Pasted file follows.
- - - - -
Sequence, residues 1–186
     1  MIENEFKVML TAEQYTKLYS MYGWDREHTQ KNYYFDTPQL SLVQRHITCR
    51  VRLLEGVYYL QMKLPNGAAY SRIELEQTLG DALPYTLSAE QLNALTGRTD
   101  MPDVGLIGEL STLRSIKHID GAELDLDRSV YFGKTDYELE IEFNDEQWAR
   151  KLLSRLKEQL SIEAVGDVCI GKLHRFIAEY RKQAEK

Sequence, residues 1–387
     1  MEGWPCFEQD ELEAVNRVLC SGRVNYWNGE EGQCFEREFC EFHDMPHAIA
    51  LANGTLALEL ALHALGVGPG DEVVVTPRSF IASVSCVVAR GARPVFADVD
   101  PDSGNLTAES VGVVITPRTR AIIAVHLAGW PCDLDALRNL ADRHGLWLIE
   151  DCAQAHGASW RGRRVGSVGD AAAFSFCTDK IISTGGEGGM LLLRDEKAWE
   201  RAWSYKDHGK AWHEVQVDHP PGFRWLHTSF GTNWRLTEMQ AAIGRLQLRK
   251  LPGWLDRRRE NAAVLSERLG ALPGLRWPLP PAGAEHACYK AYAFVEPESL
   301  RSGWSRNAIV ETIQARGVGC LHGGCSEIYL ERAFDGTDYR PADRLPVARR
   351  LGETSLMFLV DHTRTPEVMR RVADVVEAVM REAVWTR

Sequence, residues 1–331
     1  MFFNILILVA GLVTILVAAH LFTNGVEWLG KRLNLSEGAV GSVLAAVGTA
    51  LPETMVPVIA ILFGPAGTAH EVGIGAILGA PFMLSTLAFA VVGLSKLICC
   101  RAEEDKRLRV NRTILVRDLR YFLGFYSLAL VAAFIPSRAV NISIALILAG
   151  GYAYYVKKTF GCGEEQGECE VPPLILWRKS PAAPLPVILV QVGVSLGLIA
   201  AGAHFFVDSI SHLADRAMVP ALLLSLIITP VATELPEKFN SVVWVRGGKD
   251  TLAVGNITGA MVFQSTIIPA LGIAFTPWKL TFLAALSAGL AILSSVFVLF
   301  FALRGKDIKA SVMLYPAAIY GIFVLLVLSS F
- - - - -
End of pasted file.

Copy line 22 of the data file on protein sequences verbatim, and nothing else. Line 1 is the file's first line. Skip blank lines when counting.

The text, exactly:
   301  FALRGKDIKA SVMLYPAAIY GIFVLLVLSS F